Your Medicare Advisor

Breaking Down the Medicare Part D Donut Hole (Coverage Gap)

donut holeWhen it comes to the Donut Hole, many say it is not as sweet as it sounds. Although the Donut Hole is supposed to act as a cost-containment barrier, your copays could drastically change if you meet this stage in your drug plan’s coverage. To understand the Donut Hole, it is important to know how your drug expenses will change.

For starters, most Medicare Prescription Drug plans and Medicare Advantage plans that offer drug coverage have four different coverage phases: the Deductible, Initial Coverage Limit, Coverage Gap (Donut Hole), and Catastrophic Coverage. When and how you meet these phases will depend on your drug expenses.

Now, if your plan has a Deductible, you will have to pay the retail cost of your drugs out of pocket until you meet this amount. Some plans may not require the Deductible to be met for certain tiered drugs. Once you have met the Deductible, you move into the Initial Coverage phase, where the plan will share the cost of your drugs with you.

During the Initial Coverage phase, you will have a fixed copay or coinsurance on your covered drugs. You will pay these set amounts each time you fill your prescriptions until you and the plan have paid a total of $4,130 for covered prescriptions. This is when the Coverage Gap, aka the Donut Hole, begins. It is important to note that most people will not reach the Coverage Gap.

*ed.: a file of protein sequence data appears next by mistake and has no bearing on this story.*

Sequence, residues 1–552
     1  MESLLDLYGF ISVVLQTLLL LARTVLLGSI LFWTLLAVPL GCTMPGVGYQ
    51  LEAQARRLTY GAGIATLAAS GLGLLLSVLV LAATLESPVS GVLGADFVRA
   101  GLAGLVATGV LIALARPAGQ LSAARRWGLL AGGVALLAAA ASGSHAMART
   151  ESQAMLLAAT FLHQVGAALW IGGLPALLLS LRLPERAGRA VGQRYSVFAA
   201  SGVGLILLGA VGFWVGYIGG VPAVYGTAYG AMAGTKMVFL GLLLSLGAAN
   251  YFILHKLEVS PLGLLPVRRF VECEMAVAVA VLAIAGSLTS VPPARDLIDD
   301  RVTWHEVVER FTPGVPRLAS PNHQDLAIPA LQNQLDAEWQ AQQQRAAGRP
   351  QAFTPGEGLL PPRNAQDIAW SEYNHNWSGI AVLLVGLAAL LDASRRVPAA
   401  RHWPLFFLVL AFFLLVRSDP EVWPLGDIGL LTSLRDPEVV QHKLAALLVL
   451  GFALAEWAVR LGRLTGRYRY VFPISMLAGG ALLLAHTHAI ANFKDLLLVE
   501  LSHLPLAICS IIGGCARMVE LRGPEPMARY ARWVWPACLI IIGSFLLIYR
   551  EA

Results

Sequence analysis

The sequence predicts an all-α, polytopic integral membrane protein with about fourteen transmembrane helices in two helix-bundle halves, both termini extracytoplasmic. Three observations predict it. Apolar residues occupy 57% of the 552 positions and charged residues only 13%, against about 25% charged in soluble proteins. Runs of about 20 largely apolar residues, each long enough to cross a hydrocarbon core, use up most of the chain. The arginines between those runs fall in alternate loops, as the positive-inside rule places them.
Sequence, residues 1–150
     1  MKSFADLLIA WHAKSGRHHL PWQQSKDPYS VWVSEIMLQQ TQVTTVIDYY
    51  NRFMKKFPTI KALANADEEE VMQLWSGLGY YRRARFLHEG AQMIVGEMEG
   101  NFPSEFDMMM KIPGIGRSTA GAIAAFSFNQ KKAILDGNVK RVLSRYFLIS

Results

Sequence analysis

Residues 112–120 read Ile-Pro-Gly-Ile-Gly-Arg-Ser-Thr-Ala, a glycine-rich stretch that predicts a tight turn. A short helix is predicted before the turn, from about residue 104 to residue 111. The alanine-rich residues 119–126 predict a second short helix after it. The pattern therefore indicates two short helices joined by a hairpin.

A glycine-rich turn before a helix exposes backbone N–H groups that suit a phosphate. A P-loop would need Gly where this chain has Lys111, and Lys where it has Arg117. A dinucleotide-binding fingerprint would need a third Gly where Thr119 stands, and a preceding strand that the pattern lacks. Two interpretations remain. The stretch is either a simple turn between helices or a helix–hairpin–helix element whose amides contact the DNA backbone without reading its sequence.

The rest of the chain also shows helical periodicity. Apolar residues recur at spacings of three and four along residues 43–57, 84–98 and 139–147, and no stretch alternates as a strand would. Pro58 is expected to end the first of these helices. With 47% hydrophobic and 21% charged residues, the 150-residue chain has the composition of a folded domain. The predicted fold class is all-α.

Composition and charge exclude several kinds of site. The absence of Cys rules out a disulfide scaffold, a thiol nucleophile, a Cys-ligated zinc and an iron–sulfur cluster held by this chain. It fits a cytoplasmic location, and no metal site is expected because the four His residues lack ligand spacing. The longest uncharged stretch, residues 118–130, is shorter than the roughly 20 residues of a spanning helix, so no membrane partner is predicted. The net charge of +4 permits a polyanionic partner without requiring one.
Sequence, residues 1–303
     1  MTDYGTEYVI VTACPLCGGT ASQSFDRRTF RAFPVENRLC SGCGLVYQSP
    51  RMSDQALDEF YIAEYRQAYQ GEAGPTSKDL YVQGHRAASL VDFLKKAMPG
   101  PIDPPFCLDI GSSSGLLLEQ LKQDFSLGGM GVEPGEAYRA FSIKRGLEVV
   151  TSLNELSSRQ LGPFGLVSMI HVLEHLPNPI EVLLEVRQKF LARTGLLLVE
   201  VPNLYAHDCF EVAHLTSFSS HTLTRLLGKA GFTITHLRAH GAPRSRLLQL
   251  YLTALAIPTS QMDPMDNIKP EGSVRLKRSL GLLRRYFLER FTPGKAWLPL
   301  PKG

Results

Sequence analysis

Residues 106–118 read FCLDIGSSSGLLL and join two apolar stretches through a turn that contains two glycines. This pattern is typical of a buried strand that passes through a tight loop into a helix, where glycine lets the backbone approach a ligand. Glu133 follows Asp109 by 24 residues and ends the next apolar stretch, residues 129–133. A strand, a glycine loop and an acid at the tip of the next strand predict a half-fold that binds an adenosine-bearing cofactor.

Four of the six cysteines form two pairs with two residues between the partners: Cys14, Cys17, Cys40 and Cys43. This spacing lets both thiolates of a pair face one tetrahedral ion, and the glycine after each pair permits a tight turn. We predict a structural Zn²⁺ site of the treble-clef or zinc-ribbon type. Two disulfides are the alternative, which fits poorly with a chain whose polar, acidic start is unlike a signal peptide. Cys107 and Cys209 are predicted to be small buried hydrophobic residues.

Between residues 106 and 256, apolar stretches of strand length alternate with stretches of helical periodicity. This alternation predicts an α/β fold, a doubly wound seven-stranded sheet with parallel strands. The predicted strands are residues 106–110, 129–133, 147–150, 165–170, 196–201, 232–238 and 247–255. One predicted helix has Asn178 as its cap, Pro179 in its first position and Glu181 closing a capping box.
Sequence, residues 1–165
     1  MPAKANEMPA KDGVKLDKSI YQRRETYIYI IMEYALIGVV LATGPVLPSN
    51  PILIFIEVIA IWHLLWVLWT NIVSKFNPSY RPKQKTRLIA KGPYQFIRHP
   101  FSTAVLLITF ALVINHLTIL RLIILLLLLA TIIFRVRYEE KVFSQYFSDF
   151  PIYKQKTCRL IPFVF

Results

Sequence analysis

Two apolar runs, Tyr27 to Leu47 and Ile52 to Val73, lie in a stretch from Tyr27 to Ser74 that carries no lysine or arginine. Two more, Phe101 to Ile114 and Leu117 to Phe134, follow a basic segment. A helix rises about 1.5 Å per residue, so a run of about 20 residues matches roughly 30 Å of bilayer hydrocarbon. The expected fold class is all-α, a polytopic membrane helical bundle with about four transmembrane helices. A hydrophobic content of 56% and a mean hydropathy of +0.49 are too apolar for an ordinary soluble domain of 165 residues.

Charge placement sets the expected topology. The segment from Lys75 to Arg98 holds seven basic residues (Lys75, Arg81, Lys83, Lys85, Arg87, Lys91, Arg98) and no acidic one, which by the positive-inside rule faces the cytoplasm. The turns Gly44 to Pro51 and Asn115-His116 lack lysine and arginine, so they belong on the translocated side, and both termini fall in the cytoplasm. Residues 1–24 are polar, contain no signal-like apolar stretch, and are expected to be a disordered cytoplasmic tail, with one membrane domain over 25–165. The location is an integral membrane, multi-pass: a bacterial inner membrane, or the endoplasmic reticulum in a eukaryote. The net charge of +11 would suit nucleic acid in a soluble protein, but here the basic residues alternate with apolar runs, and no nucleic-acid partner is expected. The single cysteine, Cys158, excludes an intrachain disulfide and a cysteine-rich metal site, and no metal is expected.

Once you are in the Coverage Gap, your copays change to a straight 25% coinsurance on the retail cost of all covered drugs. This phase was meant to help contain drug costs for consumers, but many end up paying a lot more for prescriptions once they meet the Donut Hole. It is imperative to know the costs of your drugs that will drive you to this phase. You are only paying a portion of the cost with insurance, but the amount that you pay on your end in addition to what the plan pays is what will determine when you hit the Coverage Gap.

For example, during the Initial Coverage phase someone may pay $47 for a Tier 3 medication. But once they reach the Coverage Gap, they are paying 25% of the retail cost of that drug. If the retail cost is $500, then that person will wind up paying $125 for the same drug in the Donut Hole. If your medications are quite costly, chances are you will meet the Donut Hole.

Fortunately, there is an end to the Donut Hole. Once you have spent $6,550 out of pocket for the year, you are out of the Coverage Gap and go automatically into Catastrophic Coverage. While in Catastrophic Coverage you will pay the greater of either 5% of the cost of your drugs, or $3.70 for generics, and $9.20 for all other drugs. Many find that prescriptions are a lot more affordable during this phase.

Since all Medicare Drug plans have a Donut Hole, it can be unavoidable depending on the medications you take. When you reach the Donut Hole each year will depend on how much you and the plan pay for covered drugs. To help control your drug costs, you may want to investigate pharmaceutical assistance through your state Medicaid office, the Extra Help program offered by Social Security, or Manufacturers Discounts.

Call 1-800-334-9330 and one of AMAC’s trusted, licensed Advisors will be happy to assist you with your needs.

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